Pro-Vaccine is Being Green

Sustainability is not just limited to the environmental realm. In fact, one of the UN’s Sustainable Development Goals in 2015 is to “Ensure healthy lives and promote well-being for all at all ages.” Though promoting a healthy population is a relatively uncontroversial aspiration, the mechanisms through which to do so is laden with controversy. After an outbreak of Measles at the Disneyland Theme Park in California in 2014, the disease reached its highest infection rate since 2000, with over disease 600 cases reported. Since then, the debate about vaccinations and their necessity has resurfaced in political discourse. In spite of vaccinations being scientifically proven to have a 90% effectiveness rate, the contemporary Measles outbreak has given “Anti-Vaxxers” a new leg to stand on. However, recent research shows that while changing obstinate minds against vaccinations is difficult, changing the undecided minds is possible if those minds are given facts and incentives. Because vaccines are only effective in containing infectious disease through “herd” immunization, converting those on the fence is especially important. U.S. Massachusetts Senator Elizabeth Warren says, “Vaccines are our best chance of protecting our children from diseases that can kill them.” If this is true, then how can we motivate moderates to abide by public health standards and get vaccinated?

  1. Pro-vaccine messaging:
    1. Enlisting, educating, and training a community member to be a pro vaccine leader is often effective, as often communities of “Anti-vaxxers” are close knit and grouped together.
    2. Host local campaigns in favor of vaccination.
    3. Note: This tactic should not be overused as in some cases, over exposure to pro-vaccine messaging is shown to turn off those who are undecided and strengthen the opinions of those who are against it.
  2. Tax credits for patients, small reward for doctors:
    1. Australia provides financial incentives for vaccinations. Their measles vaccination rate for babies under 1 year of age is 94%. The approach includes rewards compensation for both doctors and patients – doctors for their promotion of public health and patients for their compliance in public health.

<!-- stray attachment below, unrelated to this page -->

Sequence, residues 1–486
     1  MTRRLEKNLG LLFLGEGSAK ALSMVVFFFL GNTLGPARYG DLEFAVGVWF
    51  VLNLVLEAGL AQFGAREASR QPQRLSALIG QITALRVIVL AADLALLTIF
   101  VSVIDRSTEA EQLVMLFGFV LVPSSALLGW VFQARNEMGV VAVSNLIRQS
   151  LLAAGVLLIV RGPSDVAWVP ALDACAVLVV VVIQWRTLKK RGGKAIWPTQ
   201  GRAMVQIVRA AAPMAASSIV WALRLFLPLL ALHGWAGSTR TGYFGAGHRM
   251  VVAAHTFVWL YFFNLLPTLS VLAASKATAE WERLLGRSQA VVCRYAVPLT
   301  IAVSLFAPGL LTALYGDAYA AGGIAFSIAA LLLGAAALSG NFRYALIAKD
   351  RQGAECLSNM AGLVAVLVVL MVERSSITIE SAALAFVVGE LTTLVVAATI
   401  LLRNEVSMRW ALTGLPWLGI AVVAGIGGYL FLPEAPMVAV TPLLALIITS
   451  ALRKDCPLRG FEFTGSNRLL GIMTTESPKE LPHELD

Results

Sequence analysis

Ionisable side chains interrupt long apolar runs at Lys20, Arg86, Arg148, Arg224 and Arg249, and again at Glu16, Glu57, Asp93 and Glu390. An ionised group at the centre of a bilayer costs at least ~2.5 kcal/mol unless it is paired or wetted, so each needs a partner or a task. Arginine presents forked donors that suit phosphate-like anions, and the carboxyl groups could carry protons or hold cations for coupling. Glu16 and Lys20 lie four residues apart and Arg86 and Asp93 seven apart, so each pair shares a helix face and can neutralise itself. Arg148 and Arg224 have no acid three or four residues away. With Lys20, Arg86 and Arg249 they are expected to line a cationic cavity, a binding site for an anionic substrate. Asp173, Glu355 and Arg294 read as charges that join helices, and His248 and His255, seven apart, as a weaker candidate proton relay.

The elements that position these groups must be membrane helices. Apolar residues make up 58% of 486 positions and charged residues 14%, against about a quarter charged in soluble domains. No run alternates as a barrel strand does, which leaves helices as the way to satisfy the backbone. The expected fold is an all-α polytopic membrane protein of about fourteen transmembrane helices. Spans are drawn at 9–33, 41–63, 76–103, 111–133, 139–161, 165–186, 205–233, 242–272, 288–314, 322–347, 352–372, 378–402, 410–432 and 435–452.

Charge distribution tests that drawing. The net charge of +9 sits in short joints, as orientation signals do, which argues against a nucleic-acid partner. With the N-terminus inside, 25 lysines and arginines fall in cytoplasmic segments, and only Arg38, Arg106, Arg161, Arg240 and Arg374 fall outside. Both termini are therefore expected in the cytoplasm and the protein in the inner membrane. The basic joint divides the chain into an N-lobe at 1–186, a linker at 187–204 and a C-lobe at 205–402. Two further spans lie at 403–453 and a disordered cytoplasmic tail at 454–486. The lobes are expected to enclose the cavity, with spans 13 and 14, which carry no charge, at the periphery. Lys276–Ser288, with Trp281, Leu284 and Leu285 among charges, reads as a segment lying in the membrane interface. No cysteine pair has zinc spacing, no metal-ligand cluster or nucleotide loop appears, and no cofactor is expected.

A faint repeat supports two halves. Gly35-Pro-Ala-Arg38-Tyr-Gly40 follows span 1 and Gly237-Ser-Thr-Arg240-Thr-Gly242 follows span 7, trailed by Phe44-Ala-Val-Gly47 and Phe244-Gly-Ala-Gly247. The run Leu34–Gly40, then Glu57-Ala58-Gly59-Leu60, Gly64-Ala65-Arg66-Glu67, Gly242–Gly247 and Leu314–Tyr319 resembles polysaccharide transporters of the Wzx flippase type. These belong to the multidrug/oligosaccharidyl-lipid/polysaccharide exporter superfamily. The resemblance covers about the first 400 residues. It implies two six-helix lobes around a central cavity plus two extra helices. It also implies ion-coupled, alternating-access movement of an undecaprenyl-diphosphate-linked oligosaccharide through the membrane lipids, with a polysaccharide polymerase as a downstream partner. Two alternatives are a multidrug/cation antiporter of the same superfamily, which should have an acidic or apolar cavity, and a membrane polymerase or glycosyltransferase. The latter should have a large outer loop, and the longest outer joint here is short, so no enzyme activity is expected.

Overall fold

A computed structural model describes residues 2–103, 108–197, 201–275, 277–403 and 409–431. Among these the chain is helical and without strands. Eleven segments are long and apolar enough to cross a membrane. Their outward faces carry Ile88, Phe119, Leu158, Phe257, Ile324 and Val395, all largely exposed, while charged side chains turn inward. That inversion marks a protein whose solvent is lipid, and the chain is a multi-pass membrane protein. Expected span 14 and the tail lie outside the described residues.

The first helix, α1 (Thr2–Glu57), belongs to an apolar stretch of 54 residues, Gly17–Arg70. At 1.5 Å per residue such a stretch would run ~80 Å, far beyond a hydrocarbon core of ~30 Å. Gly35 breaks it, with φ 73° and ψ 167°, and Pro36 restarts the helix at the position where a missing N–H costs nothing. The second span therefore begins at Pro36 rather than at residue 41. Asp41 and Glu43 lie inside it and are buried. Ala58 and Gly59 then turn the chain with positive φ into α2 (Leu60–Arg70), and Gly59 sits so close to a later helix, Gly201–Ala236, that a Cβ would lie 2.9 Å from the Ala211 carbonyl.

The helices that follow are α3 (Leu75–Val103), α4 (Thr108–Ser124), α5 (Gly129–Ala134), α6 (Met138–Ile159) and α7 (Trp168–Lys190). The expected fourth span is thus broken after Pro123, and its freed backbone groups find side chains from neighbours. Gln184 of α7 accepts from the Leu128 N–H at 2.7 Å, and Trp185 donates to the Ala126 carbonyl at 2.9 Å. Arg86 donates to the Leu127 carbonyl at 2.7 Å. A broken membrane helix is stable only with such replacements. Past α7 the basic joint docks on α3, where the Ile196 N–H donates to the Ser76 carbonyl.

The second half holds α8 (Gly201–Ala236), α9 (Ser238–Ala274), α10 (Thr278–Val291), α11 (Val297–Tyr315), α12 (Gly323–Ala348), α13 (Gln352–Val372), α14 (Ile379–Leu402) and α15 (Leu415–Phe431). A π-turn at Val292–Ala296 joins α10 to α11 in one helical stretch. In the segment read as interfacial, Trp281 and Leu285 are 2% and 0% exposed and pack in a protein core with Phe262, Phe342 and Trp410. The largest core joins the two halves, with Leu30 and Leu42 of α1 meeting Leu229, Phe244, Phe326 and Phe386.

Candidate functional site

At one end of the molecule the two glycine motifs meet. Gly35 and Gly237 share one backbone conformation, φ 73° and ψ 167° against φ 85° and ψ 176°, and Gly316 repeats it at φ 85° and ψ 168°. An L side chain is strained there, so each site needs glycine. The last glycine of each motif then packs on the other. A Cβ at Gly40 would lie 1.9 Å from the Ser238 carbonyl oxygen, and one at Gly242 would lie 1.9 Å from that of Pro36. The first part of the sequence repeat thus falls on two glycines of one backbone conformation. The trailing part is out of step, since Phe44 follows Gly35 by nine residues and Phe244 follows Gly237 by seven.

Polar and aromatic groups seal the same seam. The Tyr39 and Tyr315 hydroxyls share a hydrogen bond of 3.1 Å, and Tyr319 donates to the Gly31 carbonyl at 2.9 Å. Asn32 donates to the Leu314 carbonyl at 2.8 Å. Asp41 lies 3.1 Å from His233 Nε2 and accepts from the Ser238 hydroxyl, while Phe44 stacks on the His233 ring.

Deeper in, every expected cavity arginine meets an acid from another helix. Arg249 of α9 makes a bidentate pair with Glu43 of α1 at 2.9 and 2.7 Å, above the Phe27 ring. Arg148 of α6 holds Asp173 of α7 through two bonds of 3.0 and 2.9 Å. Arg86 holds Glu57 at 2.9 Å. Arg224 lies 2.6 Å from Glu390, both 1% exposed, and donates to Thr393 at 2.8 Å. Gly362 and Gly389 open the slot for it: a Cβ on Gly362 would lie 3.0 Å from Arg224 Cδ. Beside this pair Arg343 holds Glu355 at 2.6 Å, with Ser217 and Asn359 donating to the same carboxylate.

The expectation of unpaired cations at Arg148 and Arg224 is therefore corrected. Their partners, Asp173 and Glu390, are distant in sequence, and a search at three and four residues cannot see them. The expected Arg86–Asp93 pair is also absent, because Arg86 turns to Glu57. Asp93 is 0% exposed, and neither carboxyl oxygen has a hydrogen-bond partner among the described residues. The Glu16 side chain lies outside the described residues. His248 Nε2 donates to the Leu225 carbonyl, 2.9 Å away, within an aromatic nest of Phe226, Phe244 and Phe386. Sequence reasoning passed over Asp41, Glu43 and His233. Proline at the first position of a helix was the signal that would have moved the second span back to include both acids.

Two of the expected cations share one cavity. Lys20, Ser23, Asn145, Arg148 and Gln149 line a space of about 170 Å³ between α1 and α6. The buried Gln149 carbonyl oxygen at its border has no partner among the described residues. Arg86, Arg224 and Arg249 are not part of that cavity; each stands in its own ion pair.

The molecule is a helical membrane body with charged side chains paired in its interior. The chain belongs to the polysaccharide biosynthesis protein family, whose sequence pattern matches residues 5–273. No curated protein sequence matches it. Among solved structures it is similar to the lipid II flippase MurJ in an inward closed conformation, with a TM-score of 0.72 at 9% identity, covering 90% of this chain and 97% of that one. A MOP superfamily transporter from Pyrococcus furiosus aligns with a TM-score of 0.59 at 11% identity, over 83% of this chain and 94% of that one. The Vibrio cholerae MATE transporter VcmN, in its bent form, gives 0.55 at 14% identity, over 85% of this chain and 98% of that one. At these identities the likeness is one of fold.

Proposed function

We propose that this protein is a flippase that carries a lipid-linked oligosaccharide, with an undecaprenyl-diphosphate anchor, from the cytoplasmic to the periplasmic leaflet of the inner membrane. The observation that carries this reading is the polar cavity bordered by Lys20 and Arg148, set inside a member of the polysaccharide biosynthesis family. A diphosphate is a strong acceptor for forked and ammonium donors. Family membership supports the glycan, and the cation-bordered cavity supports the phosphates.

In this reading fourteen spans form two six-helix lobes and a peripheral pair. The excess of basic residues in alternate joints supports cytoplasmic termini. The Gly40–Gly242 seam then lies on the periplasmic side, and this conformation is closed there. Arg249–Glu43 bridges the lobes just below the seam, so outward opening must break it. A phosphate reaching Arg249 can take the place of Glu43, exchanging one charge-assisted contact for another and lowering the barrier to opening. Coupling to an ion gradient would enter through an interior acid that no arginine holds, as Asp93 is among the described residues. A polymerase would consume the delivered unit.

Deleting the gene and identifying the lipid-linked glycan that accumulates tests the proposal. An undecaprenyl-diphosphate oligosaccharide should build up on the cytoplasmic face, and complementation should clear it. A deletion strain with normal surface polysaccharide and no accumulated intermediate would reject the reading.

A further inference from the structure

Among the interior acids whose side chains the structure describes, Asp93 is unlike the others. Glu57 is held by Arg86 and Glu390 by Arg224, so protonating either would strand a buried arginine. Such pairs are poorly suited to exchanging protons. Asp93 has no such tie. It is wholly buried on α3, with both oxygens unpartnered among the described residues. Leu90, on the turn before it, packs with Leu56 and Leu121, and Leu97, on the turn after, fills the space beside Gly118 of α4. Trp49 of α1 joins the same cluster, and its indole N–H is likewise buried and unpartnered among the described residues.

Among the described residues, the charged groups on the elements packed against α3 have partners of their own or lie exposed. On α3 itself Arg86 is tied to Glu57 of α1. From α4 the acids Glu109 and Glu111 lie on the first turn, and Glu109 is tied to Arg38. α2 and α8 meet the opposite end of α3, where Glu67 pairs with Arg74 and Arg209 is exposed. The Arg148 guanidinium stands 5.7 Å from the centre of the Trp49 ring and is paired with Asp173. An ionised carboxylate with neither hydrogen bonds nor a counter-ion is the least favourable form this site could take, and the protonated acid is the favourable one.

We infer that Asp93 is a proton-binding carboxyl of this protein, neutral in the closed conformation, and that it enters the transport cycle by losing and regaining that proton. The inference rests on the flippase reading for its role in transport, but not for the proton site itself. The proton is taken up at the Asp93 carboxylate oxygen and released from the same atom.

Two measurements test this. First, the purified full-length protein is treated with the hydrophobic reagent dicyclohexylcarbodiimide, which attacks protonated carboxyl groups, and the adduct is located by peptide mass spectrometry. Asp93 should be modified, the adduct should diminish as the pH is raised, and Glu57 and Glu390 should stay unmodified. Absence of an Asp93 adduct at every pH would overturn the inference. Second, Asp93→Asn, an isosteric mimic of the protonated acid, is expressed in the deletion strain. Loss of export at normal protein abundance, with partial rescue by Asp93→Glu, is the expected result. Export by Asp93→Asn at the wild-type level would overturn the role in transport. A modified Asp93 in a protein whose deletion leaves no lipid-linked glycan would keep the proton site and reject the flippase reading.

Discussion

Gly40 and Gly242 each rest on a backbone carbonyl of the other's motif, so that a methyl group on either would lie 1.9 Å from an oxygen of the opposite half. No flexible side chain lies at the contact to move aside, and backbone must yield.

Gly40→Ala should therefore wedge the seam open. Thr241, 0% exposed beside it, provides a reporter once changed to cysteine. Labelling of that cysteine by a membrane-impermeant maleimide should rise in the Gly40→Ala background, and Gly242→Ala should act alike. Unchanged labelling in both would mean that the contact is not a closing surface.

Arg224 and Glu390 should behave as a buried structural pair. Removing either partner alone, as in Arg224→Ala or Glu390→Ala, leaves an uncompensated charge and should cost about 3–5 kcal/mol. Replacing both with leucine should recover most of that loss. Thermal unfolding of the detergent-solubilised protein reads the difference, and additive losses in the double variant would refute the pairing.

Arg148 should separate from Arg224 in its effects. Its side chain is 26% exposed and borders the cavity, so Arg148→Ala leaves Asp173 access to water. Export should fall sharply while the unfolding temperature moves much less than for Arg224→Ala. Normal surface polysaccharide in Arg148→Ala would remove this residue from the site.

2. Note: a criticism of this is approach is that the payment to doctors skews their medical objectivity as they are technically financial motivated to vaccinate.
  3. Make it more difficult to opt out:
    1. Those who strongly oppose getting a vaccine for personal or moral reasons will trudge through a longer process while those who are more undecided will not.
  4. Preschedule appointments:
    1. People are more likely to get their seasonal flu vaccine if appointments were already scheduled according to Rutgers University psychology professor Gretchen Chapman. 
  5. Use deliberate phrasing to offer Vaccinations:
    1. According to Douglas Opel, a professor of pediatrics at the University of Washington, 18 times more people would vaccinate their children when the vaccination was framed as a natural part of a doctor visit/checkup as opposed to something optional or supplemental.
  6. Countering misinformation with fact:
    1. Many of the websites and tactics of those opposing vaccinations are based in rhetoric and falsified studies, rather than fact. Arming people with statistics and data could help provide rebuttals to these assumptions.

These methods may help increase the number of people being vaccinated, thus generating a healthy, more sustainable world.

Written by Julie Elliot, Class of 2015

Photo by

Title Nurse Administers a Vaccine
Description A nurse wearing blue gloves administers a vaccine into a male patient’s arm.
http://commons.wikimedia.org/wiki/File:Nurse_administers_a_vaccine.jpg
Source National Cancer Institute (NCI)21 September 2009

 

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